Later, in the crypt, we got to witness a bit more fleeing. Granted, Islamic burial looks quite different and important people tend to have large mausoleums, very different from the bone piling of the monastics so you can forgive the misunderstanding that happened. The group sauntered into the room with most looking up into the dimly lit ceiling. One guy was leaning against what he probably just assumed to be a part of the architecture of the room but when the guide began to explain that these were the lids to deep caskets that would now have hundreds of bodies laid in them he actually jumped up off the ground and retreated into the middle of the crowd while another guy quickly turned to the casket and started praying in the Islamic fashion!
After the tour we spoke with the guide for a bit before he brought us to the bishop who was incredibly friendly and welcoming. We even got permission to come back and stay the night at the monastery!
That afternoon we toured the mountaintop city of Mardin. While there are plenty of beautiful and fascinating things to see, my favorite sites would have to be Kasimiye and Zinciriye Madrasahs, a pair of beautiful religious schools-turned museums that attest to the distinct architectural history of the place that seems to have gone relatively untouched by the Ottoman fashions that you otherwise see around the country.
Returning to the monastery just before the gates closed, we went to our room (we may have referred to it as our cell) then went down for dinner where we met a number of European Syriacs who had come from all over for a wedding. Those who were able spoke Turkish with us and it was an unexpected opportunity to get yet another angle on what Syriac life was like.
When the church-bells rang Sean and I went straight to the sanctuary to find it empty—apparently bells are more of a 5-minute warning than starting bells. That evening there were lots of people attending, which was great for us as we didn’t understand a thing and basically just needed to copy what other people were doing. The voices that night as they echoed round the thousand-year-old domes were incredibly beautiful and despite the grandeur and pomp of these ancient churches, the robes, and the incense, there was a surprising amount of casualness. We were feeling quite comfortable and relaxed, thinking we had figured out how to at least take part in our limited way when we and some of the other men got beckoned through a side door and down into the crypt. All our comfort went right out the window at that point. My new-world Protestant background didn’t prepare me for incense-burning processions and chanting in Aramaic in a thousand year old crypt type stuff!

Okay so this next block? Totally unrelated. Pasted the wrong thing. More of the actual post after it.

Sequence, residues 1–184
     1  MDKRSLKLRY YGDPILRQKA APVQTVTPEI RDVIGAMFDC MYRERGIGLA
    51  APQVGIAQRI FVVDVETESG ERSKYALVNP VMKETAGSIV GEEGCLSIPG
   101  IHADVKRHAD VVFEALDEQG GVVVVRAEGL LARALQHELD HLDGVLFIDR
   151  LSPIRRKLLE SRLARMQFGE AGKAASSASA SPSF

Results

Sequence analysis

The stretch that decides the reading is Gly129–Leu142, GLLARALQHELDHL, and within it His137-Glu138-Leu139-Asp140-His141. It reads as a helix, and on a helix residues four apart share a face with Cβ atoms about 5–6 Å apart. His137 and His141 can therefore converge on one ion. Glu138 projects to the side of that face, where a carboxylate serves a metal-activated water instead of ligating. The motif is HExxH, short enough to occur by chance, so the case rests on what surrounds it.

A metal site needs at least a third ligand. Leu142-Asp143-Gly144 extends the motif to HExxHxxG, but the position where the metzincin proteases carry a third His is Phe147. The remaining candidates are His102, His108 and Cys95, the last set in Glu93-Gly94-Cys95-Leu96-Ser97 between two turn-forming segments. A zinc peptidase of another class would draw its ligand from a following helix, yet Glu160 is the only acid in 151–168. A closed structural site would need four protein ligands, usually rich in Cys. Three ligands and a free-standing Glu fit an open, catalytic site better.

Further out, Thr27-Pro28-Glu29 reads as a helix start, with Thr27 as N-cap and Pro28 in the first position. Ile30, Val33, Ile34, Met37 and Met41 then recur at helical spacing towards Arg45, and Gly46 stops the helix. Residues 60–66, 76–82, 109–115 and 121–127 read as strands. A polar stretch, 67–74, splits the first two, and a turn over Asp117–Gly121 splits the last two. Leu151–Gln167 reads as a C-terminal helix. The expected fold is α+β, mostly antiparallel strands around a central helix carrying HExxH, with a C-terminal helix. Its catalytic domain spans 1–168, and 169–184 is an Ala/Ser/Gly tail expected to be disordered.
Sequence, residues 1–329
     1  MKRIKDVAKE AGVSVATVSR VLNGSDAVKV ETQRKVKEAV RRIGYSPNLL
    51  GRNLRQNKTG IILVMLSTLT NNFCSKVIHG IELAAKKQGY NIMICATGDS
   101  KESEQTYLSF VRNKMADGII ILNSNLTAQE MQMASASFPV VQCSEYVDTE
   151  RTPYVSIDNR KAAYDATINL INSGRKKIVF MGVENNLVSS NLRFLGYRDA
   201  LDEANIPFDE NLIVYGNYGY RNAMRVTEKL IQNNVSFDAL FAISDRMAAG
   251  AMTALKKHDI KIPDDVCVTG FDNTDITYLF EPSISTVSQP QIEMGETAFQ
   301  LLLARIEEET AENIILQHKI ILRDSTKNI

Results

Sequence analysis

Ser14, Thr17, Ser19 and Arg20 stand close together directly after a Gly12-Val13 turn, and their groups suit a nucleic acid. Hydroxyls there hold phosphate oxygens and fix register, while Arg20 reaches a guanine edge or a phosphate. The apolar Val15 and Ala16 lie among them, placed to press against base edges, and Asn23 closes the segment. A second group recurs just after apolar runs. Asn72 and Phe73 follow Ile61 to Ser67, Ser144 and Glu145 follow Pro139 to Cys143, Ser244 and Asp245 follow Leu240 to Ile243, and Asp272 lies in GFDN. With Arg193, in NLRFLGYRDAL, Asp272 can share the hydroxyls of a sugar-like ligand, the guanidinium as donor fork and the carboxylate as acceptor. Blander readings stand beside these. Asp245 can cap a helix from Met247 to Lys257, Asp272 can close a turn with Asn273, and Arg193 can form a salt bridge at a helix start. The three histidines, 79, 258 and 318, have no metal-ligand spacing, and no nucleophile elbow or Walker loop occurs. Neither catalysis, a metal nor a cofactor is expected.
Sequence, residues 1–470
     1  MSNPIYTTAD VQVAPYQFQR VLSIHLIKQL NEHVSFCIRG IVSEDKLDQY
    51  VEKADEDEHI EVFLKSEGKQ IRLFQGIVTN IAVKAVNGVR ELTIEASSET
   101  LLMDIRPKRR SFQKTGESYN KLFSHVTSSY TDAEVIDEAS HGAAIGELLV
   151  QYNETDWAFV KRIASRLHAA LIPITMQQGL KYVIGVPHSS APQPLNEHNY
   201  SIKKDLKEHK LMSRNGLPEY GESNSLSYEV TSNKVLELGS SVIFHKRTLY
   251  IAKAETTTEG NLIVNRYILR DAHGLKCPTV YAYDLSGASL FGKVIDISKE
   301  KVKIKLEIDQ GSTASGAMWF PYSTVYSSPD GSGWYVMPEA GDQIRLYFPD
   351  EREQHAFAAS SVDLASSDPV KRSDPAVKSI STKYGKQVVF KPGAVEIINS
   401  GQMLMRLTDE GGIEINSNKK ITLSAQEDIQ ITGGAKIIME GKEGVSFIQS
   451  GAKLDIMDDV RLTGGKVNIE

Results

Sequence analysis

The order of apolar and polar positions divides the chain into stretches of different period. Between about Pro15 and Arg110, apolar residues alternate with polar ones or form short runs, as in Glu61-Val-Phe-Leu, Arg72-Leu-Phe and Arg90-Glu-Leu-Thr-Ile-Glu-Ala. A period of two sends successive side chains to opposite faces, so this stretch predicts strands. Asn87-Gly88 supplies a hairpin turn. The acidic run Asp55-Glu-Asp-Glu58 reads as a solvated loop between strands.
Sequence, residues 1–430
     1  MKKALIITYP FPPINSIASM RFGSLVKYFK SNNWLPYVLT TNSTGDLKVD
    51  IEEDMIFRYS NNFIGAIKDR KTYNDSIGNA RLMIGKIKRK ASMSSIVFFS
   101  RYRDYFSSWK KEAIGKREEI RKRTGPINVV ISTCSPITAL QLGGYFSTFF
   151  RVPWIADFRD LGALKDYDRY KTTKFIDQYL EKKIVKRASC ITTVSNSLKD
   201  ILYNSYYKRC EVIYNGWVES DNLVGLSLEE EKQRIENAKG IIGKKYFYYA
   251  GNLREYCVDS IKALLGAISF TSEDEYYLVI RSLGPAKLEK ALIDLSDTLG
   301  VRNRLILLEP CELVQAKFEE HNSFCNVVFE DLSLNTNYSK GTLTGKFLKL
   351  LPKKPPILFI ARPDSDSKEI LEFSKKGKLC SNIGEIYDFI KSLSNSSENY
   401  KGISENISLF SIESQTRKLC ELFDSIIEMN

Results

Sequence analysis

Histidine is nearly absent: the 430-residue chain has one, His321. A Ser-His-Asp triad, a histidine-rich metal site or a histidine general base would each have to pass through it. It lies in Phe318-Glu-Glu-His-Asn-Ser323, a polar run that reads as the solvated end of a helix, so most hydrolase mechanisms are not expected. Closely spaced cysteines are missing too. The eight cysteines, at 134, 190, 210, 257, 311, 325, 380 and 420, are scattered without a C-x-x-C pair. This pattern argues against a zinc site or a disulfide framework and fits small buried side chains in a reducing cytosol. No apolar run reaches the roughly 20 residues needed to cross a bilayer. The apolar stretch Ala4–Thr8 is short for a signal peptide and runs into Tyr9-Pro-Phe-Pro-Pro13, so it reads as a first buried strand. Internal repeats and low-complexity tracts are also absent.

After our comfort-zone-expanding service we spent a few hours between the now quiet sanctuary and the cool roof-tops taking in the view of the night sky that we miss so much in the city lights of Istanbul before retiring to our room which was about 1000 degrees. Honestly I could have baked a pizza on the bed beside me!
Our final day in Mardin was spent in a last church service, and a failed attempt to get to Mardin Castle. Between being baked alive the night before and some horrible Google Maps directions we eventually just gave up trying to get in. While giving up isn’t exactly the high note we were hoping to end our Mardin adventures on, we were far from disappointed. We honestly couldn’t have hoped for a better reception by the locals, nor could we have expected to see so much in such a meaningful way as we did in the three and a half very full days that we got to spend in the region seeing some very special things, some of which won’t be around for much longer. With so much left to see there’s no way we won’t be going back!
Want to know more about these and other places mentioned here? The check them out in our Destinations+ page!
Other than the names of the people I travel with there is a good chance that the names have been changed for the sake of people’s privacy.